I am a lover of Renaissance art, and particularly of religious art. Sandro Botticelli (c. 1445 – May 17, 1510), who was an illustrious member of the Florentine School, painted religious and mythological themes as well as portraits.
Interesting facts about Botticelli:
- He was first trained as a hammerer of gold leaf.
- One of his neighbors was the explorer Amerigo Vespucci, after whom North and South America were named.
- His second apprenticeship was to the painter Fra Filippo Lippi; when Botticelli set up his own workshop, Filippino Lippi, his master’s son, joined him there.
- He was one of the painters of the Sistine Chapel; some of his work was later painted over to make room for Michelangelo’s work.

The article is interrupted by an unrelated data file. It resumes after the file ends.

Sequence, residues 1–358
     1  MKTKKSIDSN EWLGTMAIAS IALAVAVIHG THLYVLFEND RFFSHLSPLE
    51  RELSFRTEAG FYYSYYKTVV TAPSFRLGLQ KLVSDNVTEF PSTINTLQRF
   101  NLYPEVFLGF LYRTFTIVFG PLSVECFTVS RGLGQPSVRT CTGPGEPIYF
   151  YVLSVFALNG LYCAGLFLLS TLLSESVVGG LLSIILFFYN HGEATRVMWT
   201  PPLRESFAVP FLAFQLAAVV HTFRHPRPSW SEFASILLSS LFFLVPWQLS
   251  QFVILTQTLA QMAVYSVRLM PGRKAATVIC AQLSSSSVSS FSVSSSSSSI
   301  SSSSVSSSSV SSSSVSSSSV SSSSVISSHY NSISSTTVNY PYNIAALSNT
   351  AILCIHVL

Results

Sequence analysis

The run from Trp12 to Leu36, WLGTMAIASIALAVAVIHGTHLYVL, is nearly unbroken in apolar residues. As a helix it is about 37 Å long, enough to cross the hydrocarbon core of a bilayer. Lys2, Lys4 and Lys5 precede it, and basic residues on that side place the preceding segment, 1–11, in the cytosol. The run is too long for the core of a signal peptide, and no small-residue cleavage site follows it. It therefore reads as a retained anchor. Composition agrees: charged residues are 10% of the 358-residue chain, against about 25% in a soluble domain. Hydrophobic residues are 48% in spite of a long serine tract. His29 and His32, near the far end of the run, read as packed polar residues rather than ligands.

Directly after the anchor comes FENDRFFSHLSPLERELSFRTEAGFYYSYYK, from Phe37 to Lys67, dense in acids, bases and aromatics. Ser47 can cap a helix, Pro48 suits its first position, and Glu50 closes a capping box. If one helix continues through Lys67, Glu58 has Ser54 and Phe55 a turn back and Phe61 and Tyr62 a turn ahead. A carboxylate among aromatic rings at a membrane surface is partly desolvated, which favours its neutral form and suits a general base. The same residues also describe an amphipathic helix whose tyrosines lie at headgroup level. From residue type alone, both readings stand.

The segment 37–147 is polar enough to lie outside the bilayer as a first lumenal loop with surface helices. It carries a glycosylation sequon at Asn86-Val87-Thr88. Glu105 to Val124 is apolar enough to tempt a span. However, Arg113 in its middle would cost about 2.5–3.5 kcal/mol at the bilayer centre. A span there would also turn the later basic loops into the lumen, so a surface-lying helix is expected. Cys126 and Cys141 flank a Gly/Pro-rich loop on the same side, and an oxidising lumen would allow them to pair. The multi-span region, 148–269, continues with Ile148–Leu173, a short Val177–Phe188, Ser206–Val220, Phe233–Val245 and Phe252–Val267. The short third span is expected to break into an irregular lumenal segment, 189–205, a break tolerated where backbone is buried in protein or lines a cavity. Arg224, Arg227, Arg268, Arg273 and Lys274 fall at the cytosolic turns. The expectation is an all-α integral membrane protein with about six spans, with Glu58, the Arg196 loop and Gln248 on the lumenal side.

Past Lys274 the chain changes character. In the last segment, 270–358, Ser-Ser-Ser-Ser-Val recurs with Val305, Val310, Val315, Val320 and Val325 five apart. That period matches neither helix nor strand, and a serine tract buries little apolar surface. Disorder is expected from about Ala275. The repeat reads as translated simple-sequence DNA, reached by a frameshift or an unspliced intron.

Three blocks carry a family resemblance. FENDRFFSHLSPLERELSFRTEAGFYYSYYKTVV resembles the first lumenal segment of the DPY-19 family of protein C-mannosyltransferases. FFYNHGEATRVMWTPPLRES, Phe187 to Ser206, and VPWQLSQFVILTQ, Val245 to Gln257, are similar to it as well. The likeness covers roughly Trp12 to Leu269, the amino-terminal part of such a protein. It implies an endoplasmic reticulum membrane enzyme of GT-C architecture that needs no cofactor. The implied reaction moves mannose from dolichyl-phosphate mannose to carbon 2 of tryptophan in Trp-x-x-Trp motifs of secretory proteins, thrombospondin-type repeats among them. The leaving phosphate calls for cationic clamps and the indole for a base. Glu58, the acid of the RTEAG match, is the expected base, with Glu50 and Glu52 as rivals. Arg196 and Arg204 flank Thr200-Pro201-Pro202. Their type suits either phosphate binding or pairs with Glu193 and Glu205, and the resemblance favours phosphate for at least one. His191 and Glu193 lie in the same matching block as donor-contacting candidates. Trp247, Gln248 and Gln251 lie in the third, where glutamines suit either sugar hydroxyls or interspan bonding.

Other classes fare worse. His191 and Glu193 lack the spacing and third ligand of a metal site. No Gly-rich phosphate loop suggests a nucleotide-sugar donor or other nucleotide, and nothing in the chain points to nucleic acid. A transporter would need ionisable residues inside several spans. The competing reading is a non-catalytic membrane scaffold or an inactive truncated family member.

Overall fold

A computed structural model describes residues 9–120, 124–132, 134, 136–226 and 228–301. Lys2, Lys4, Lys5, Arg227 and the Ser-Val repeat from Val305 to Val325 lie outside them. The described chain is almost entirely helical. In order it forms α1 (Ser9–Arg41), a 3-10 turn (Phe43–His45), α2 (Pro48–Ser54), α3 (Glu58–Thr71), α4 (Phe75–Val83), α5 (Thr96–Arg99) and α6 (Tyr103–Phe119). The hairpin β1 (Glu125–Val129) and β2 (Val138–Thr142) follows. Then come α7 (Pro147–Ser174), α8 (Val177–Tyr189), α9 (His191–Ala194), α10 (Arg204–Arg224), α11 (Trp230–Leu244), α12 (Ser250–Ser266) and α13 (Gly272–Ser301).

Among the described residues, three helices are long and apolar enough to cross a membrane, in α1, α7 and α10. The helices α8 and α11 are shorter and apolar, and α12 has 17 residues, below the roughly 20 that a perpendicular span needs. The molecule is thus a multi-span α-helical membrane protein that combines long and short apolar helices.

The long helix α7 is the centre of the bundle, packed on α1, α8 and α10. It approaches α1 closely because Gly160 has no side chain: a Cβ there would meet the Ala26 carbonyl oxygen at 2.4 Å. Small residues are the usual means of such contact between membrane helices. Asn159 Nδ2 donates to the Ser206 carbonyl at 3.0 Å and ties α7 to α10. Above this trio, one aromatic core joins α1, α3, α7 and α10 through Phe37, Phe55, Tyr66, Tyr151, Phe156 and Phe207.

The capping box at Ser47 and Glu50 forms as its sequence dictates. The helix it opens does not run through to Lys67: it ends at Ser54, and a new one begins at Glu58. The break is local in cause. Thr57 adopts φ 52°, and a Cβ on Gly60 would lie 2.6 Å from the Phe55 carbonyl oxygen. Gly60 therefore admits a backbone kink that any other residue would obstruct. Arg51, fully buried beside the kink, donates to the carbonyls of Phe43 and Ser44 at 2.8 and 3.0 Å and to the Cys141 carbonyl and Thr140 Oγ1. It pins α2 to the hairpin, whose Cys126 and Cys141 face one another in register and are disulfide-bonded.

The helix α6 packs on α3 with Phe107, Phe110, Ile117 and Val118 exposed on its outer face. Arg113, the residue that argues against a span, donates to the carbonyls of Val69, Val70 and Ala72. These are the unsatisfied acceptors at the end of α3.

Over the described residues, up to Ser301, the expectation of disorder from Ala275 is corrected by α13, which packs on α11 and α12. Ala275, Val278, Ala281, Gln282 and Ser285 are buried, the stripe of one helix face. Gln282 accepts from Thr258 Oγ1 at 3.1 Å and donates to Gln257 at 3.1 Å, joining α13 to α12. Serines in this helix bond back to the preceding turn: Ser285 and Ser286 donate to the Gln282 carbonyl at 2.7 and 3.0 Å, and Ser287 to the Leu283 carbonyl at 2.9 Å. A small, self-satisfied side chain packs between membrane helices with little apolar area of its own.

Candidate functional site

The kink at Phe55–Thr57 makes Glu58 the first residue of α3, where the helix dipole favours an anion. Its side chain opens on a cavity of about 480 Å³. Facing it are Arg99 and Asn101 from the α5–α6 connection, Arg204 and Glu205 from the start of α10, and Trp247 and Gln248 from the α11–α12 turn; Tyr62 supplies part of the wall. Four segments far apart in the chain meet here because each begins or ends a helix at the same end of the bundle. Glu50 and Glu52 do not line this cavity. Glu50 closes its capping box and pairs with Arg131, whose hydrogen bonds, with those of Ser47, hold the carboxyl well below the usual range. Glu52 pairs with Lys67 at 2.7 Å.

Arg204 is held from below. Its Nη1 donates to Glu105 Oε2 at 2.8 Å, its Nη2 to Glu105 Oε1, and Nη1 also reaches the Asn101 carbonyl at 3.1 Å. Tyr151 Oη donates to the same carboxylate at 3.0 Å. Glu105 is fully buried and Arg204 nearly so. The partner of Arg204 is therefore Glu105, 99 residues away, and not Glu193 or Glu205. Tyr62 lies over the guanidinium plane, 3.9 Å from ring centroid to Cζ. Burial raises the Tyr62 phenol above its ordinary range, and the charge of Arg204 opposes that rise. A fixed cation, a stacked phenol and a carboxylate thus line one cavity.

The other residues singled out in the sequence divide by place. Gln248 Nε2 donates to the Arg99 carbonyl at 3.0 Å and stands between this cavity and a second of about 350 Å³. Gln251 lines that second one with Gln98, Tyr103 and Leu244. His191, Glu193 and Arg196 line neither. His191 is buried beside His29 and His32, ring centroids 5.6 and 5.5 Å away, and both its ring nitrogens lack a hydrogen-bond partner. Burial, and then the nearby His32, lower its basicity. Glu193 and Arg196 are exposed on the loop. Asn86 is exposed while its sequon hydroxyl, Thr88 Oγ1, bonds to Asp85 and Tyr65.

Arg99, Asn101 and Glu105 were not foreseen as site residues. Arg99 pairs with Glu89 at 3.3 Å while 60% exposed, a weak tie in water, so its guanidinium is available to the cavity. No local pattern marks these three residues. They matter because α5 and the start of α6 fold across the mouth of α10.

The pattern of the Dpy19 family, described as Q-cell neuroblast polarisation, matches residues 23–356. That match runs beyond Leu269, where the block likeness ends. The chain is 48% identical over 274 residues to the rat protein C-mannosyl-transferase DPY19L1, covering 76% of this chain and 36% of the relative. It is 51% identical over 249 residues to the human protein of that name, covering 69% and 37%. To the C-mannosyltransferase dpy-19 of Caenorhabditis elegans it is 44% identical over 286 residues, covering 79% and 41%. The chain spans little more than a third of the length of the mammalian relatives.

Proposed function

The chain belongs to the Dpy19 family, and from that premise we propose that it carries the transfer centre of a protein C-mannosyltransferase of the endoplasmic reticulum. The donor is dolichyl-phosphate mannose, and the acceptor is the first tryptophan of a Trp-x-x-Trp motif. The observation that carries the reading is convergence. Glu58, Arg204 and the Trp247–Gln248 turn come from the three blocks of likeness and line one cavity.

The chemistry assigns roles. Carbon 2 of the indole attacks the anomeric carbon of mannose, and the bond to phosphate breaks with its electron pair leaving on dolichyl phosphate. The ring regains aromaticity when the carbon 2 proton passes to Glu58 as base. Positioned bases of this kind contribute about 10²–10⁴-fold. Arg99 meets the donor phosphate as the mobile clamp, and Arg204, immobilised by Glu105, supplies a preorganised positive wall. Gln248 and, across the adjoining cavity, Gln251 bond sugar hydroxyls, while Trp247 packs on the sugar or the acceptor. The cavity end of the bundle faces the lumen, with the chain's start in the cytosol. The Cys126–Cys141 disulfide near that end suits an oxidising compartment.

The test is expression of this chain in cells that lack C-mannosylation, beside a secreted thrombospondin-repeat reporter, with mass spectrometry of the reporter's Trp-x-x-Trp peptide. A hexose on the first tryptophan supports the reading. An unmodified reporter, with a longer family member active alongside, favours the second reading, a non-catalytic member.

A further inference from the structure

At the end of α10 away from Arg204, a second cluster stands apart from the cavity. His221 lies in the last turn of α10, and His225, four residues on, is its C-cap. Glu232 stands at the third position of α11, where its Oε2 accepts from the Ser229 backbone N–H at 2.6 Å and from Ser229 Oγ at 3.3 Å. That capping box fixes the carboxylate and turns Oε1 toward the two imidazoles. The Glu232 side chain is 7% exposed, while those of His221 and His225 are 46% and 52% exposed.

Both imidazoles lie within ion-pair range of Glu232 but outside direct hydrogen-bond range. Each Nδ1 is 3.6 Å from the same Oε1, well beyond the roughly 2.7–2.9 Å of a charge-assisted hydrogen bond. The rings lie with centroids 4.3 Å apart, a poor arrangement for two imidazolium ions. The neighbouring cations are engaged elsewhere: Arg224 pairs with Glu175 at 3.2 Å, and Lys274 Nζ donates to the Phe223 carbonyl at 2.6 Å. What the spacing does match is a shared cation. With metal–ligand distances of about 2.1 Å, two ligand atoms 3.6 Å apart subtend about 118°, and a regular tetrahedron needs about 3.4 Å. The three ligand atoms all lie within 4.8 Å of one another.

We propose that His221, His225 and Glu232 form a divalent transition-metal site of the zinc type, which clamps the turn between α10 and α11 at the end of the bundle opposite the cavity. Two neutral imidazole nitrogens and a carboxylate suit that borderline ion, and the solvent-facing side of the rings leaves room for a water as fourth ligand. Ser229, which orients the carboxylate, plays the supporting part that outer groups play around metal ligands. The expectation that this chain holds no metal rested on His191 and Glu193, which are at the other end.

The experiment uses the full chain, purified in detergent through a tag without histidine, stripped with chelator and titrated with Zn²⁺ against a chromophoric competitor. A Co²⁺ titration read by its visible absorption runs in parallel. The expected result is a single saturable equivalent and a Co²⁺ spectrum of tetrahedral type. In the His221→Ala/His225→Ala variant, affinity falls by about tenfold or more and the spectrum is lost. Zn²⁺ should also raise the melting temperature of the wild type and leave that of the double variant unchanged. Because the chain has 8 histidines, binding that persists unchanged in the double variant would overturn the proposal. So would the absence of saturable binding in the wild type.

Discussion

- He was obsessed with Dante’s Divine Comedy and wanted to produce illustrations for it; the project was never completed.
- He almost completely abandoned art during the last years of his life due to the preaching of Girolamo Savonarola, who advocated the destruction of secular art and culture in favor of more spiritual pursuits. If not for the intervention of his patron, Lorenzo de Medici, and his friends, he would have starved.
Examples of Botticelli’s mythological subjects:
Religious art, including some of Botticelli’s beautiful Madonnas:
I love the graceful figures of Botticelli’s art, and the hair–the curls and flowing hair and flowing beards. The draped garments and the sheer veils and fabrics. The beautiful faces (and yet the Christ Child looks a little creepy in some of the paintings). I especially love the Cestello Annunciation with the landscape visible through the window; and the Madonna with Lilies and Eight Angels. Mary looks like a friend of mine, and the four angels on the right could be looking at a cell phone or even posing for a selfie.
Information for this article came from Wikipedia.